Monday will begin the first of a six-part series previewing each MLB division, complete with The Commish's fearless predictions for 2004! In the meantime, check out an all new Foul Territory. If you are sick and tired of the reality show genre or just bad entertainment options in general, it's a must read.
With fiery rookie manager Ozzie Guillen at the helm for the Chicago White Sox, it should be an interesting season in the dugout as Guillen tries to mesh his personality with the White Sox players, a majority of them low-key in their approach.
With the recent retiring of bench coach Joe Nossek due to health reasons, Chicago may have found themselves a gem in new bench coach Harold Baines. The polar opposite of an "in your face" type, Baines should bridge the gap well between the laid back players and the outspoken manager. Having played with both Guillen and some of the players (Thomas, Konerko, etc.), Baines brings with him a lot of familiarity as well as a rich knowledge of baseball and the White Sox organization. Just don't ask the former DH to chase down a flyball in the gap!
The early reviews of Guillen have been favorable. Even Frank Thomas has admired Guillen's straightforward approach and seems willing to put any past differences behind him.
Speaking of the White Sox, anyone interested in the history of the Black Sox scandal should check out this site. It is very informative and offers more than just stills of the movie.
While researching probable lineups, depth charts, and other useful spring information for my upcoming Season Preview, it is evident that the AL Central doesn't deserve a playoff spot. With New York, Boston, Toronto, Oakland, and Anaheim improving their teams (Oakland more so with their pitching than hitting), it's a shame that only three of those teams (at most) will be in the playoffs.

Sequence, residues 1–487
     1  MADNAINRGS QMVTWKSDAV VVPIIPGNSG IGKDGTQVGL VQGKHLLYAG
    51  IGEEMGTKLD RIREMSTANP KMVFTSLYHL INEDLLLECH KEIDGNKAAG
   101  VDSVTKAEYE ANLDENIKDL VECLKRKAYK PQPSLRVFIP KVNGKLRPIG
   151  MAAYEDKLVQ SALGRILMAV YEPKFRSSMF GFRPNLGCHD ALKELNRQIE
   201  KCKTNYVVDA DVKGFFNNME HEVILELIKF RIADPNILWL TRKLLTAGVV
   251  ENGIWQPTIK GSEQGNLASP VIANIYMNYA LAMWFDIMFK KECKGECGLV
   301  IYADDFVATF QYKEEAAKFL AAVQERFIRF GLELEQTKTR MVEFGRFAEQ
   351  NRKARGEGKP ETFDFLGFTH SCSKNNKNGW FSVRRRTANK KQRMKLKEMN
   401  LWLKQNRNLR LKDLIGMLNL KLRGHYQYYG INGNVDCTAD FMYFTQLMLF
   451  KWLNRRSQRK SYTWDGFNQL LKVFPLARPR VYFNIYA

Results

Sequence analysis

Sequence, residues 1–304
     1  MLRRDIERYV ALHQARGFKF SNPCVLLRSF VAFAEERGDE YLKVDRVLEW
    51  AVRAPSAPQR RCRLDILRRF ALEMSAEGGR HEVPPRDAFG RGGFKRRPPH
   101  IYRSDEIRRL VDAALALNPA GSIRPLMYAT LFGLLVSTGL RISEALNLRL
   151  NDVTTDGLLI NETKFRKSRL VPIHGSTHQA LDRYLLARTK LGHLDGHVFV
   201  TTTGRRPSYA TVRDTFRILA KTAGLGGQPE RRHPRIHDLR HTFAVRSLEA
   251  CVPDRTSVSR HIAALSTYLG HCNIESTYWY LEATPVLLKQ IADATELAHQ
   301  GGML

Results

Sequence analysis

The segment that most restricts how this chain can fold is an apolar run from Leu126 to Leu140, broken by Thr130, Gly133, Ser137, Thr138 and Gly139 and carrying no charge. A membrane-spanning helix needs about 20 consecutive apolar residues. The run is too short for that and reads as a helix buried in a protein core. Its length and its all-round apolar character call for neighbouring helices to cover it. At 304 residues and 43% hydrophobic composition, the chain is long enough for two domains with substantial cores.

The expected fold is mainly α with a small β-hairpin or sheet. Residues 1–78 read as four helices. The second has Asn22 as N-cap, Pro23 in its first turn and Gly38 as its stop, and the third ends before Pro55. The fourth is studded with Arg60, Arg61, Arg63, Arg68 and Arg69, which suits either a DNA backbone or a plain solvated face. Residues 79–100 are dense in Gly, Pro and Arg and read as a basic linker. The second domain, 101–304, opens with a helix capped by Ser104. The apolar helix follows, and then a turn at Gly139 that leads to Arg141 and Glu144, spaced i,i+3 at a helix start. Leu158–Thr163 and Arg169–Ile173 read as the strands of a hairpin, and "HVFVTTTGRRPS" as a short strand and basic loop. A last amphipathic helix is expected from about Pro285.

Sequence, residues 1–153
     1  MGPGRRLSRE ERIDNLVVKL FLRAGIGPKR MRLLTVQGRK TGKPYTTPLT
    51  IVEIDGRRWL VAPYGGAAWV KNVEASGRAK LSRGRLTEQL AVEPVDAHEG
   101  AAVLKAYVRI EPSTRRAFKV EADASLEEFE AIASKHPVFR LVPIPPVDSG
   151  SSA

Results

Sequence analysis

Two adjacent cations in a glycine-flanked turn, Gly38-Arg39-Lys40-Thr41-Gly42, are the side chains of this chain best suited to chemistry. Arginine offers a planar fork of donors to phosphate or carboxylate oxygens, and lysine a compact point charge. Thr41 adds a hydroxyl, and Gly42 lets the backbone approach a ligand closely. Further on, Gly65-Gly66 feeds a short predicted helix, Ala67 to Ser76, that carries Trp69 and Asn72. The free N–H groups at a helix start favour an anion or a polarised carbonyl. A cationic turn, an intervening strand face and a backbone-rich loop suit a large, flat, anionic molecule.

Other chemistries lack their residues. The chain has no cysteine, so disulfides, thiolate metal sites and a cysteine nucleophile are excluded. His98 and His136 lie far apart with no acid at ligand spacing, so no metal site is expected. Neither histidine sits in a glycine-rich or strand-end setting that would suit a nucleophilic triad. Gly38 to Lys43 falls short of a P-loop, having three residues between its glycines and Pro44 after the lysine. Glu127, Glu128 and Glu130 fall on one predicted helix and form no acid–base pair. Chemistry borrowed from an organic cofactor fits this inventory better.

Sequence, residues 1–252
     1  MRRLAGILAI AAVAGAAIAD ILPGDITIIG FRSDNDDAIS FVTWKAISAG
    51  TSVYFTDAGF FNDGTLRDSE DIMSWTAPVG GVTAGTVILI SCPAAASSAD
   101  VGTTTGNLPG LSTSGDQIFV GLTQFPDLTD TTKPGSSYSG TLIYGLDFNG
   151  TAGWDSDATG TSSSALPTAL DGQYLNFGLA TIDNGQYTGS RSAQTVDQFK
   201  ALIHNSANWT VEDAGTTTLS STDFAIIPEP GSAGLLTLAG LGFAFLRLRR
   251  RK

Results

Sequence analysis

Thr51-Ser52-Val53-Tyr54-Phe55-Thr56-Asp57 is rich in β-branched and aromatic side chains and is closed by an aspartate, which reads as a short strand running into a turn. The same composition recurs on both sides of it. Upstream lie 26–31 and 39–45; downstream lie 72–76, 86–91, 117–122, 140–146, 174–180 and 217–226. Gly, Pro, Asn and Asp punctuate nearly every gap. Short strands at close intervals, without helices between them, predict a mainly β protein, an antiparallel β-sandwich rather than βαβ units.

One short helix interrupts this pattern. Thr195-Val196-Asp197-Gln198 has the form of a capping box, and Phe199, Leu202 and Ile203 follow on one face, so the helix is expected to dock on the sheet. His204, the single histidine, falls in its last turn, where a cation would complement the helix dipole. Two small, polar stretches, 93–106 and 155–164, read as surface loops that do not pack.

After completing my first ever AL-only fantasy draft over the weekend, I have come to one conclusion: mixed leagues are MUCH better. Doing some math, the AL has 14 teams which will start the season with 25 man rosters - a total of 350 players. We drafted 324 of them (12 teams x 27 rounds)! By round 21, it became less about baseball knowledge and skill and more about flipping through roster pages finding ANY player still available ("oh yes, the Indians 3rd best middle reliever - I'll take him!).
I understand that single league drafts are better suited for 10 teams, and the NL is better because there are 16 teams, but even then, when forced to draft 4th and 5th outfielders and mediocre middle relievers, for example, the reliance of one's baseball knowledge and perception of a player's future performance gives way to the concept of luck, particulary with regards to injury situations which enable that 4th outfielder to play more. While some players are more injury prone than others, it is not exactly a quantifiable stat, yet it becomes much too important in single league formats.
I will be competing in an AL only expert league draft this Sunday and I will post the details and the results next week.